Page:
for different open-source and commercial SAST tools.
It is now in this chart that we include the results obtained by our tool.
The values obtained in this scenario are easy to determine accurately because the number of existing vulnerabilities is known from the beginning, contrary to what usually happens in real-world applications. You need to understand that this project does not include all vulnerability categories and possible cases. Nevertheless, looking ahead, OWASP hopes to have all types of vulnerabilities that belong to its Top 10 in its tests and offer code in other languages, not just Java.
OWASP created these test cases from coding patterns observed in actual applications, but some of them may be of questionable relevance, and most are simpler than in reality. Companies that focus only on improving their machines and getting excellent scores, particularly in these types of benchmarks, could be severely limited when facing a greater variety of real-world code. So, it would help you keep in mind that a good result in this test is not enough to assume that a tool will do very well in detecting vulnerabilities in general: beware of false illusions of security!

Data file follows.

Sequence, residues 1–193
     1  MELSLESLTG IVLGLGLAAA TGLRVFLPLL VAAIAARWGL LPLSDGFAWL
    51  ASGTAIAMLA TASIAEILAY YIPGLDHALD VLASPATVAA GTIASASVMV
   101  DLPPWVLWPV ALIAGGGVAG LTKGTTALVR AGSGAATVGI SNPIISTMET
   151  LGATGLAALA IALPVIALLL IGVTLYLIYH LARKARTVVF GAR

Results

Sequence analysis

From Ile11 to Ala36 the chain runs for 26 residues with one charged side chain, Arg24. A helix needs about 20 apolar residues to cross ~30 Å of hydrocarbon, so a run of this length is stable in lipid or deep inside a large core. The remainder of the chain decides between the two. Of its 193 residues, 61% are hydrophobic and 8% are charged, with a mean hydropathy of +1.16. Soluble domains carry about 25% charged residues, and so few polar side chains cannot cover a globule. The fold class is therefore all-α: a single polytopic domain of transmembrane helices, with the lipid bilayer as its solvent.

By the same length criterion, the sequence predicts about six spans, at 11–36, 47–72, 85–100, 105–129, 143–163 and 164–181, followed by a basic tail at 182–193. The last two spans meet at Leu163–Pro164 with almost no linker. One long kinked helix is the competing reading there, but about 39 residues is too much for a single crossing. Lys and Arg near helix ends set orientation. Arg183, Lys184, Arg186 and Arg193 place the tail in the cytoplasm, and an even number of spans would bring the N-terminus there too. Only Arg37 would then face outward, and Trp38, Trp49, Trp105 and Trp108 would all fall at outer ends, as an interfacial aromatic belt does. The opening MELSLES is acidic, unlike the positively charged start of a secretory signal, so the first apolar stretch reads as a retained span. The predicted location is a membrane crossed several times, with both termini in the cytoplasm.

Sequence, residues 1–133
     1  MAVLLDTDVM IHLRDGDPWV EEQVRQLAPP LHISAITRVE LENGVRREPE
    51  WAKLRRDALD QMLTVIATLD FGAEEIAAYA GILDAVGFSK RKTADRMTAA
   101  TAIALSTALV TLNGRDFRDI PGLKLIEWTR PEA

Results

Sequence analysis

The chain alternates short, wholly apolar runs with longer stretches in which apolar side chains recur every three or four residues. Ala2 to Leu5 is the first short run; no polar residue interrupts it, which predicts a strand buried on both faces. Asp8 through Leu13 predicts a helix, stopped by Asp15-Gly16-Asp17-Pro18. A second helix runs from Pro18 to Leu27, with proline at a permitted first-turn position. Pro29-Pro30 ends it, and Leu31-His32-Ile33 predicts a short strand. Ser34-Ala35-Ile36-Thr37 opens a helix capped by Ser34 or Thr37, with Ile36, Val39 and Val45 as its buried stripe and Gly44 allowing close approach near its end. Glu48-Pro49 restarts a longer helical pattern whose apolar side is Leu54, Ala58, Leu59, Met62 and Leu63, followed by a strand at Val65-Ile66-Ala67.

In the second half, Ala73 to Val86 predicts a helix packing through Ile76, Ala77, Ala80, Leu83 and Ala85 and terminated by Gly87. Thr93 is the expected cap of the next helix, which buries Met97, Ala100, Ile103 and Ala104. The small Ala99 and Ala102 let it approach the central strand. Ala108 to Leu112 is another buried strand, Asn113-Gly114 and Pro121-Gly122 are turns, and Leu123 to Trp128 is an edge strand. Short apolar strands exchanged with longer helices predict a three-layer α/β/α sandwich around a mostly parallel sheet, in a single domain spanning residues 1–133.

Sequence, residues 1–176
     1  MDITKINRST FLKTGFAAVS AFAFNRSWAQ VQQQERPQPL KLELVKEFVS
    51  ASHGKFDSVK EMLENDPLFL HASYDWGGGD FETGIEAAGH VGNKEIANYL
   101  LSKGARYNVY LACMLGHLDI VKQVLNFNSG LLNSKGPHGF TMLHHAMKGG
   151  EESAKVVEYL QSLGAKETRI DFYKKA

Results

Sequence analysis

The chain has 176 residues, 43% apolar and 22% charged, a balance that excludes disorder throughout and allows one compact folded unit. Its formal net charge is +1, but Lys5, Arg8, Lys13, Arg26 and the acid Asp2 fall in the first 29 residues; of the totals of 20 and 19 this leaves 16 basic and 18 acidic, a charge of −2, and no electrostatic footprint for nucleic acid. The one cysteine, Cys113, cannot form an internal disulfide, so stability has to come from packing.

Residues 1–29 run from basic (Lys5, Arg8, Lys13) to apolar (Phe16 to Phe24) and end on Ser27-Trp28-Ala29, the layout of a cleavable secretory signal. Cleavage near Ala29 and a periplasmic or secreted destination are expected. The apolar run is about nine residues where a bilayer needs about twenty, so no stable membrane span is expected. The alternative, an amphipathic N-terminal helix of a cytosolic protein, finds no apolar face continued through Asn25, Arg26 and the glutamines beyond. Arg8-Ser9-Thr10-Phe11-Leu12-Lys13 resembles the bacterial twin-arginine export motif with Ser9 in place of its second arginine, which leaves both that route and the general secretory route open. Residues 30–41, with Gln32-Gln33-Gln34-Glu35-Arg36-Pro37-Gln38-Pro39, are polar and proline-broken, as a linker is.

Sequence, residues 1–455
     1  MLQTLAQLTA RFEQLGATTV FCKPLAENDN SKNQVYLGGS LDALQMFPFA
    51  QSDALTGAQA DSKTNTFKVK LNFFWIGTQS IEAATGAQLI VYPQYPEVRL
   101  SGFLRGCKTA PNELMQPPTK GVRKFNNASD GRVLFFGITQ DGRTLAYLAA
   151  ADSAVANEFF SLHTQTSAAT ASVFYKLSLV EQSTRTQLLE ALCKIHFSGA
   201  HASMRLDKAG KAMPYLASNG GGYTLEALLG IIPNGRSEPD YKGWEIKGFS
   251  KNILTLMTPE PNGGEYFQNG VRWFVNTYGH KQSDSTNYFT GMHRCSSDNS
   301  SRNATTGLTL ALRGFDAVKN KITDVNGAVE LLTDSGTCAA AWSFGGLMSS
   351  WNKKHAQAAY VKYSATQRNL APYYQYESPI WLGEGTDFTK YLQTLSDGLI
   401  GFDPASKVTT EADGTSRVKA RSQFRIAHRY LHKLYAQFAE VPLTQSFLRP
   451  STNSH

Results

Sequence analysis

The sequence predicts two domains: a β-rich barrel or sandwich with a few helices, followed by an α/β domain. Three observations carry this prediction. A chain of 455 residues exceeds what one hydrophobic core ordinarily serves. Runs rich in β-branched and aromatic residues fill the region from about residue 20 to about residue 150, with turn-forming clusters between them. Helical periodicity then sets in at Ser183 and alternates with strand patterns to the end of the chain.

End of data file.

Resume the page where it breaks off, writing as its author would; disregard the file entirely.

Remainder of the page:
Fluid Attacks, we are proud to have achieved this goal
with the OWASP Benchmark, but certainly, it is only one of the sources
we use as a reference to improve our tool.
We keep getting feedback from real applications.
And while our customers can take advantage of our tool
to look for vulnerabilities,
we always recommend performing comprehensive analyses
by adding our ethical hackers' invaluable manual exercise.
To conclude, as anyone can use the OWASP Benchmark to evaluate any application security testing tool, if you are among the customers or stakeholders who want to prove for themselves that our results are authentic, you can follow this guide. Additionally, if you want to learn more about our tool, don’t hesitate to contact us!
Corporate member of The OWASP Foundation